If you are designing an IT system, you can greatly benefit from a good reference architecture. A good reference architecture can be:
- a superset of whatever architecture you design
- a guide to what is possible in your design
- a reminder of what is essential and what you may have left out
- an explainer of all the potentially relevant parts to your design
- a supporter of whatever architecture you do decide on
- like a mentor providing you thought leadership and guidance on what works and why you need it
IBM has long put together such good reference architectures. Of all I have seen, this is one of the better ones I have seen: DevOps architecture: Reference diagram – IBM Cloud Architecture Center.
It covers all the stages of DevOps, from Planning to Deployment to Learning. It shows the logical parts of the DevOps Architecture and what tools support that. It reveals the relationships between the parts, both static and dynamic. It reminds you of the things you need that you might not be aware of. I think it’s fantastic.
I think it is great for another reason. Implicit in the architecture is the definition — at least for IBM and I — of what DevOps should be. It’s not just CI and CD. It’s not just a toolchain/pipeline from Dev to Ops. DevOps is really this entire cycle:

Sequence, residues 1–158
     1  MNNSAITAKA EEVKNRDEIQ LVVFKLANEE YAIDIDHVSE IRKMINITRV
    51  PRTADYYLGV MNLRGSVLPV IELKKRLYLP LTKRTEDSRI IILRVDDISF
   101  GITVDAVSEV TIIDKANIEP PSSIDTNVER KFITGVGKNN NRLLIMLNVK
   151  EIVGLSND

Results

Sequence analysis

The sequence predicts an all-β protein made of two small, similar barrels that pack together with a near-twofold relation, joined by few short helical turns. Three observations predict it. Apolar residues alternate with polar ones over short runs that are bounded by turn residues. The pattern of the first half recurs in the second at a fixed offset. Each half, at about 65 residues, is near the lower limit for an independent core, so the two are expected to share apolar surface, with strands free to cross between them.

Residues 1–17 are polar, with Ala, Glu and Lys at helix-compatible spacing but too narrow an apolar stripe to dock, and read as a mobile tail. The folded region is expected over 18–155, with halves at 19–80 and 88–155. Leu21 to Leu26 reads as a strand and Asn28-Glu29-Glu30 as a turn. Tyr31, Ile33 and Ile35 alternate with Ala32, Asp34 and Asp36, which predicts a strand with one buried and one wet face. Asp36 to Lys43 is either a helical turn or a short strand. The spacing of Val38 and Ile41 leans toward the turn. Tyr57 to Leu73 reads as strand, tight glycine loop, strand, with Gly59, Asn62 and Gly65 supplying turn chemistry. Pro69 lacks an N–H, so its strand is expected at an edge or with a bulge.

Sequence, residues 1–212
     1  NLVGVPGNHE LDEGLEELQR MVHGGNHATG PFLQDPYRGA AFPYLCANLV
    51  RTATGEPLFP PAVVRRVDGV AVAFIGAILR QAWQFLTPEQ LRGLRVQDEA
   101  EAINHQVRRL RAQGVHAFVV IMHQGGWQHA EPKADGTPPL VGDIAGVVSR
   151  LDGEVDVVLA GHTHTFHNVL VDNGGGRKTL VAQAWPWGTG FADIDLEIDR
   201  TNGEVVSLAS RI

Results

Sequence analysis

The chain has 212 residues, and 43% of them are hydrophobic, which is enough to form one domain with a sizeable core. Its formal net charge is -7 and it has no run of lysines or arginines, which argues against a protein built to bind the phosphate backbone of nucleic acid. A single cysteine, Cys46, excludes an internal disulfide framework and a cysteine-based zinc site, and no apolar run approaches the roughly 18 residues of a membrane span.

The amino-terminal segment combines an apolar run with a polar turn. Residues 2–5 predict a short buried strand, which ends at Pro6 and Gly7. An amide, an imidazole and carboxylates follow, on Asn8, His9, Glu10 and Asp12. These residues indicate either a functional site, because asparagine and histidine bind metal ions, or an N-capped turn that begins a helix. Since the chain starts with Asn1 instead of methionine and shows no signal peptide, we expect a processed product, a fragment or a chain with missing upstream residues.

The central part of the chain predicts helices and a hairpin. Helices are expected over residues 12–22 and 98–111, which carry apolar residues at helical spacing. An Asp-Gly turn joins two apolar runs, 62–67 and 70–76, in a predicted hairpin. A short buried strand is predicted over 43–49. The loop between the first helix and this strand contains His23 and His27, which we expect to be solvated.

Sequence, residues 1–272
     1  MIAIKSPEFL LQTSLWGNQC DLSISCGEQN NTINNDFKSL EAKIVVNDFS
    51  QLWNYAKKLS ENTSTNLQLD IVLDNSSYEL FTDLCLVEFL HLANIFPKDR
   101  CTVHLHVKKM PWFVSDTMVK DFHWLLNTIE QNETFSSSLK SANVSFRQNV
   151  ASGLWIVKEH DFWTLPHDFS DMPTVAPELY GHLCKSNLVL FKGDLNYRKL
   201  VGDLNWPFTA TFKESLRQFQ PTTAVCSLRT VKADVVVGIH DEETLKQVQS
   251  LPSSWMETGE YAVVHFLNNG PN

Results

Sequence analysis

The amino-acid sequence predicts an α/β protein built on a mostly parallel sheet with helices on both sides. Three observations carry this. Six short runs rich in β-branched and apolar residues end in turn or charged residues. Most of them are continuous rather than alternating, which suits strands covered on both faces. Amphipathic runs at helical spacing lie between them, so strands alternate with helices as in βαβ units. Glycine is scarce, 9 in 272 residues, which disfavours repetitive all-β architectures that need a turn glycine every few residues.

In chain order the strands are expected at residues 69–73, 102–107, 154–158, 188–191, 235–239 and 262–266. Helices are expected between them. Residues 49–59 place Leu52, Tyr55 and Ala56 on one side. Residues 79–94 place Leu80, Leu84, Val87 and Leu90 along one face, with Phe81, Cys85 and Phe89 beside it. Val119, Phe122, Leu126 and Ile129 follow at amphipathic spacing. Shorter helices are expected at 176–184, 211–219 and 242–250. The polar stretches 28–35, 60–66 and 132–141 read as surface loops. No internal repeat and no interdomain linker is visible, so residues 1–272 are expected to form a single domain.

Each stage is important. Too often the focus is on Development and Deployment. But stages like Planning and Learning are an essential part of the DevOps cycle that are essential not just for code quality but testing quality and ops quality. It all ends up with better results for all the stakeholders of an IT system, from the business sponsors to the users.
Anyone involved with IT architecture, system design, IT testing, system operations or DevOps in general would benefit from studying that reference architecture.
(Images are links to IBM pages)